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Intimate Partner Violence Against Low-Income Women in Mexico City and Associations with Child School Attendance: A Latent Class Analysis Using Cross-sectional Data

Abstract

Introduction

Few studies have investigated how intimate partner violence (IPV), and patterns of IPV experiences, may impact children’s school attendance in low- and middle-income countries.

Methods

Using baseline data from a sub-sample of 659 women in Mexico City enrolled in a randomized controlled trial who reported having a child under age 18 and in school, multilevel latent class analysis (LCA) was used to classify women based on their reported IPV experiences. Multilevel risk regression analyses examined associations between latent class membership and IPV-related disruptions in children’s schooling. Latent classes were identified in a prior study.

Results

Overall, 23.3% of women reported their child’s school attendance was disrupted due to IPV. LCA identified four distinct classes of IPV experiences: Low Physical and Sexual Violence (39.1%); Low Physical and High Sexual Violence class (14.8%), High Physical and Low Sexual Violence and Injuries (36.5%); and High Physical and Sexual Violence and Injuries (9.6%). Compared with women in the Low Physical and Sexual Violence class, women in the High Physical and Sexual Violence and Injuries class and women in the High Physical and Low Sexual Violence and Injuries class were at greater risk of IPV disrupting children’s school attendance (ARR 3.39, 95% CI 2.34, 4.92; ARR 2.22, 95% CI 1.54, 3.19, respectively). No other statistically significant associations emerged.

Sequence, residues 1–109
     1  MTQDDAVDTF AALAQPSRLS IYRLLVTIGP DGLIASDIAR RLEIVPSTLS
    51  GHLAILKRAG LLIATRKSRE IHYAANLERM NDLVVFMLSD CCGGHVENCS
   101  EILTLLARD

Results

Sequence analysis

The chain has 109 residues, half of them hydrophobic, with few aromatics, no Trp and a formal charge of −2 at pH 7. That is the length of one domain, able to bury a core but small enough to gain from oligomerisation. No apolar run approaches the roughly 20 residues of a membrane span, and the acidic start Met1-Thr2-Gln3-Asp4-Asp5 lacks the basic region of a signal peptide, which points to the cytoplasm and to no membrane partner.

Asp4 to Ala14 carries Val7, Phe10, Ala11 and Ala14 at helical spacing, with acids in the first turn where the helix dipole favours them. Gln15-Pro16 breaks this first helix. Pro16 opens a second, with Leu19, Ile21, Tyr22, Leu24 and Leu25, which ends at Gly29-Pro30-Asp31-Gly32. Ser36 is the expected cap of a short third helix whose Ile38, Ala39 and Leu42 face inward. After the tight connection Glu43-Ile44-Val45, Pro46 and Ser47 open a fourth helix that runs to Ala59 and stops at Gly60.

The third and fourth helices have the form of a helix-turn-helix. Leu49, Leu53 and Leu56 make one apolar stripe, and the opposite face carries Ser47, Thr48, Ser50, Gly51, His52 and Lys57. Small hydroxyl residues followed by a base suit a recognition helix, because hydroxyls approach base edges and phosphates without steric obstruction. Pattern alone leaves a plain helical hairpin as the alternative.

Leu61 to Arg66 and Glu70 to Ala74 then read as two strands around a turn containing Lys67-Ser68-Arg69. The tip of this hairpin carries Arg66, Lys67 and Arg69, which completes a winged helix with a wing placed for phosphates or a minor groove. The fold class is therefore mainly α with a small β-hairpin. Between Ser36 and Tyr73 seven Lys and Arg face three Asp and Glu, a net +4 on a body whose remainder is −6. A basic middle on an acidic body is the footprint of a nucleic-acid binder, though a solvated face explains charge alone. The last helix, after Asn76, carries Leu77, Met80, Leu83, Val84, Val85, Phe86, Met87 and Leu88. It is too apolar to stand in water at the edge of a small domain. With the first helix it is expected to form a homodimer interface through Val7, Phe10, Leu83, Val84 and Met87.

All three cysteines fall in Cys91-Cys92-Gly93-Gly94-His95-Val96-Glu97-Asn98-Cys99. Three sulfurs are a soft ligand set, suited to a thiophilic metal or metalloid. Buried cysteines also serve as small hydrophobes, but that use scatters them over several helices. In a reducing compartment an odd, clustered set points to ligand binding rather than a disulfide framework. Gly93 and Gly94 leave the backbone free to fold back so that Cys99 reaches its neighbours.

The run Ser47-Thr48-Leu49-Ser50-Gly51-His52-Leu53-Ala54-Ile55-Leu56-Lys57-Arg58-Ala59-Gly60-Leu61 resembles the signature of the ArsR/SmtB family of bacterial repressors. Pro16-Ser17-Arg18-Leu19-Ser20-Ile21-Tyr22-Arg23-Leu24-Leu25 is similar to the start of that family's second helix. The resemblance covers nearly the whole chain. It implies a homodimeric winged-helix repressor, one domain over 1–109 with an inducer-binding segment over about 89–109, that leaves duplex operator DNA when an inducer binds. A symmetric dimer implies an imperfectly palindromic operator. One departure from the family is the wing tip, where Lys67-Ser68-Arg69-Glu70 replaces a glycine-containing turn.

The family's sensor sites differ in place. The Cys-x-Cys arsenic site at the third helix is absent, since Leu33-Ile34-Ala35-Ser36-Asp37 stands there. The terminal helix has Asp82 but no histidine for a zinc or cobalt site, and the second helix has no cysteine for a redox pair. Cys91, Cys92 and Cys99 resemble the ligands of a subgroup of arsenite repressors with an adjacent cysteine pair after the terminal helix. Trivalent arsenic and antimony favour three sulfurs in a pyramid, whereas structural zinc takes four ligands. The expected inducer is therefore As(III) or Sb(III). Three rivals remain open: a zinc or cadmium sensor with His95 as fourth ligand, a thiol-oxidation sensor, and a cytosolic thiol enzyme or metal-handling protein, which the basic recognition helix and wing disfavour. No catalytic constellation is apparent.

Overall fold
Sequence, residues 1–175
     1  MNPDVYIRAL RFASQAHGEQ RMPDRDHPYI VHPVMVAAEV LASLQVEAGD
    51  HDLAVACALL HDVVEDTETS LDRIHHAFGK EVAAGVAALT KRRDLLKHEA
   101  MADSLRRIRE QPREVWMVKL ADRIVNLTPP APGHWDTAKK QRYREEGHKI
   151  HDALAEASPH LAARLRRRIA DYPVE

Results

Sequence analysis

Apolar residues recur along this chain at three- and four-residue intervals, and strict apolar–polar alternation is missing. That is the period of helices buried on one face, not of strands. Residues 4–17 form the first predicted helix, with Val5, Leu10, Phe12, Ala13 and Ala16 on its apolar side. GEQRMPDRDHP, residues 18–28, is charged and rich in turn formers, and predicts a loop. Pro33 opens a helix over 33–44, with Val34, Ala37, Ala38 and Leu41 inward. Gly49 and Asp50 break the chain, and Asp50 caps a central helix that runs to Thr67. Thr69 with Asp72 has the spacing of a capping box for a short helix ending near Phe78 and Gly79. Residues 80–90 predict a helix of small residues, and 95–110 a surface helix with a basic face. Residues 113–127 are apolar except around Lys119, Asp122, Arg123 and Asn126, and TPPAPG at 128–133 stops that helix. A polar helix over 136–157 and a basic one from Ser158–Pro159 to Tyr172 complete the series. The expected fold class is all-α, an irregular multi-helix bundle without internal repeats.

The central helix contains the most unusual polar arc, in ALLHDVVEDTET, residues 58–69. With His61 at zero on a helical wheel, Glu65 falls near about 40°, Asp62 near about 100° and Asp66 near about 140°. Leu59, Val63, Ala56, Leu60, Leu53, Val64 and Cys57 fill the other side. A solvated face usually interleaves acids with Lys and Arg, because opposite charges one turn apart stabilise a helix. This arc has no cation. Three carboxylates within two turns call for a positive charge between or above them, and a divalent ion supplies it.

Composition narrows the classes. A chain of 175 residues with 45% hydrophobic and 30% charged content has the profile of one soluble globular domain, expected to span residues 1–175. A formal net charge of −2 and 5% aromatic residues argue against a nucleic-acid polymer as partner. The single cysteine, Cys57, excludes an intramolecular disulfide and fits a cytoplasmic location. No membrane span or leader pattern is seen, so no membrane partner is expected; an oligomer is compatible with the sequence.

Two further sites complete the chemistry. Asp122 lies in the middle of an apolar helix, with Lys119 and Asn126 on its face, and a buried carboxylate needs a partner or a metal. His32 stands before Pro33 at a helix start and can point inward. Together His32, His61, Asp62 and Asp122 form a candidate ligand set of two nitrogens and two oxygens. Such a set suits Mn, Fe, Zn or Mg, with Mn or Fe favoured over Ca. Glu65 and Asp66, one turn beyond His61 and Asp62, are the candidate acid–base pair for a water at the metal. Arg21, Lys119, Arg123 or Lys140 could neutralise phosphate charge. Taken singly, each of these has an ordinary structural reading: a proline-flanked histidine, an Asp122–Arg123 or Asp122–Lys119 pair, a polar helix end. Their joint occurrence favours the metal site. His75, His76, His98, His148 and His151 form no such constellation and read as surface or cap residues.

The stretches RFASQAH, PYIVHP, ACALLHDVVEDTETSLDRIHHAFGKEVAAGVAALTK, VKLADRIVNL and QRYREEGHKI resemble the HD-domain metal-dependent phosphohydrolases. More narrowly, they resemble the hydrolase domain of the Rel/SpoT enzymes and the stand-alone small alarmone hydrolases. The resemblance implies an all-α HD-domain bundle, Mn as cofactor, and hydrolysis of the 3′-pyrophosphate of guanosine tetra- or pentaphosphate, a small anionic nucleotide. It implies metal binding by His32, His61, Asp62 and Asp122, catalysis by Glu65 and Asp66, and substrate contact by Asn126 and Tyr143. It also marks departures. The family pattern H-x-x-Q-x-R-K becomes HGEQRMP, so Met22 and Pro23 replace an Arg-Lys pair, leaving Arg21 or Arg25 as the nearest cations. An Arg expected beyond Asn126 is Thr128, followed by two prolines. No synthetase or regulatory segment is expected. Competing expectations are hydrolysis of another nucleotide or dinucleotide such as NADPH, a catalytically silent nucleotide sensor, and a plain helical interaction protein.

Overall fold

Discussion

High disruptions in children’s school attendance due to IPV were reported and were differentially related to patterns of IPV experiences. Findings underscore the need to understand underlying mechanisms. Future work integrating both violence against women and violence against children is needed.

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Fig. 1

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Acknowledgements

The authors thank the Mexico City Ministry of Health and MEXFAM for their collaboration. The authors would also like to thank Helena Acosta from International Planned Parenthood for training the nurses in our study. The authors would also like to thank the women and nurses who participated in this study.

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Correspondence to Anna Scolese.

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Scolese, A., Willie, T.C., Falb, K.L. et al. Intimate Partner Violence Against Low-Income Women in Mexico City and Associations with Child School Attendance: A Latent Class Analysis Using Cross-sectional Data. Matern Child Health J 24, 360–368 (2020). https://doi.org/10.1007/s10995-020-02877-8

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Keywords

  • Intimate partner violence
  • Mexico
  • Child health
  • Education
  • School health
  • Latent class analysis